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The concept of invasion is useful across a broad range of contexts, spanning from the fine scale landscape of cancer tumors up to the broader landscape of ecosystems. Invasion biology provides extraordinary opportunities for studying the mechanistic basis of contemporary evolution at the molecular level. Although the field of invasion genetics was established in ecology and evolution more than 50 years ago, there is still a limited understanding of how genomic level processes translate into invasive phenotypes across different taxa in response to complex environmental conditions. This is largely because the study of most invasive species is limited by information about complex genome level processes. We lack good reference genomes for most species. Rigorous studies to examine genomic processes are generally too costly. On the contrary, cancer studies are fortified with extensive resources for studying genome level dynamics and the interactions among genetic and non-genetic mechanisms. Extensive analysis of primary tumors and metastatic samples have revealed the importance of several genomic mechanisms including higher mutation rates, specific types of mutations, aneuploidy or whole genome doubling and non-genetic effects. Metastatic sites can be directly compared to primary tumor cell counterparts. At the same time, clonal dynamics shape the genomics and evolution of metastatic cancers. Clonal diversity varies by cancer type, and the tumors’ donor and recipient tissues. Still, the cancer research community has been unable to identify any common events that provide a universal predictor of “metastatic potential” which parallels findings in evolutionary ecology. Instead, invasion in cancer studies depends strongly on context, including order of events and clonal composition. The detailed studies of the behavior of a variety of human cancers promises to inform our understanding of genome level dynamics in the diversity of invasive species and provide novel insights for management.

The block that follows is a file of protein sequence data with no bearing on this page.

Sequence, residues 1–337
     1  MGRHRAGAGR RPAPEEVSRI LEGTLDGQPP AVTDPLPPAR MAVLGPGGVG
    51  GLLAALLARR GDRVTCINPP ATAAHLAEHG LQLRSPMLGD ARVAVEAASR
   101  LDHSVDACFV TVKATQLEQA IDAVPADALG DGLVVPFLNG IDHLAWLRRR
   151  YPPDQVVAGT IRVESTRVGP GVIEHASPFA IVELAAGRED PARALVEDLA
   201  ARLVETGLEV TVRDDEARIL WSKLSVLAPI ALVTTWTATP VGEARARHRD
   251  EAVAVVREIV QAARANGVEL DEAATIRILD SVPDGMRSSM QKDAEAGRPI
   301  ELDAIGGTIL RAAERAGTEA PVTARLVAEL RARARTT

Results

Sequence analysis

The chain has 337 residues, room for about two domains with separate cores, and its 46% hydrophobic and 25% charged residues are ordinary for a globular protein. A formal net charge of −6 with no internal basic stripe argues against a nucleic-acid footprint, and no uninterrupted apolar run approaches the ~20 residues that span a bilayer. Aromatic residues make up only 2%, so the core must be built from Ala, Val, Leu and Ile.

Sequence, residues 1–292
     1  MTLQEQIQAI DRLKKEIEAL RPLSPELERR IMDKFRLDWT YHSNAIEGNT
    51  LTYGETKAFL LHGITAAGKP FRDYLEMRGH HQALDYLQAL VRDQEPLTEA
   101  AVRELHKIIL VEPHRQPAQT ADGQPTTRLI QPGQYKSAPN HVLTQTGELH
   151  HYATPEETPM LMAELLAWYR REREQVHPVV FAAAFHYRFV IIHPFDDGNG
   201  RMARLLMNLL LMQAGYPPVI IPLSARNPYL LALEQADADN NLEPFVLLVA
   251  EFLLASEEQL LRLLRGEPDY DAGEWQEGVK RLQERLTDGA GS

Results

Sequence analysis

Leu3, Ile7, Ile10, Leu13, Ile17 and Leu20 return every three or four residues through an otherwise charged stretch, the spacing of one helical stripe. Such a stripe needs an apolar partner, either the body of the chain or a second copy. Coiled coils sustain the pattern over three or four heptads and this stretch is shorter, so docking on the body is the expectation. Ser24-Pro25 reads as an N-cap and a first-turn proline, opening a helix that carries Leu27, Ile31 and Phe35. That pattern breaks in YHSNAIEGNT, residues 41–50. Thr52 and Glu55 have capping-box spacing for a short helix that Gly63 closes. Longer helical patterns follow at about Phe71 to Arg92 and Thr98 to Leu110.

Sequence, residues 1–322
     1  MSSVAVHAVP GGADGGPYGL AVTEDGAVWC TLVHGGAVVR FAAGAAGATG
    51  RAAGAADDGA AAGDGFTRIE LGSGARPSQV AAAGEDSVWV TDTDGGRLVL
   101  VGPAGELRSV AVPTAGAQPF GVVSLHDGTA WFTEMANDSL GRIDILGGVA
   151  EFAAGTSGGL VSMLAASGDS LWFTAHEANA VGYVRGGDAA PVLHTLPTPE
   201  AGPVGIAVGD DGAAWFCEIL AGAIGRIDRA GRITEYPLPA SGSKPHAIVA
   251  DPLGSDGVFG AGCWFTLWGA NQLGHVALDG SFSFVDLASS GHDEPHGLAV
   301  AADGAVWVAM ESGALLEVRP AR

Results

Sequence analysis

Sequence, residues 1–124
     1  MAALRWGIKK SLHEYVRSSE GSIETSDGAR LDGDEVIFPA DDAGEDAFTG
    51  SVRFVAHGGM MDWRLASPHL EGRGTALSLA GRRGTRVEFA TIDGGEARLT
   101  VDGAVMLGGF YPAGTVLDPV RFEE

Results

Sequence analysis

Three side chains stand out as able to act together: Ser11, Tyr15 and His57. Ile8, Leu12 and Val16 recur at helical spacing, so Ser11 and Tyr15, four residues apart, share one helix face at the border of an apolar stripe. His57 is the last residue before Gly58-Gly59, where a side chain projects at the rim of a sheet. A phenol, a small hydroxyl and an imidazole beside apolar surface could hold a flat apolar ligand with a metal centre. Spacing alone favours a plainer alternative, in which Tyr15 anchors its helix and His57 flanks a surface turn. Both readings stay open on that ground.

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Frontiers In Ecology and Evolution, v. 9, art. 681100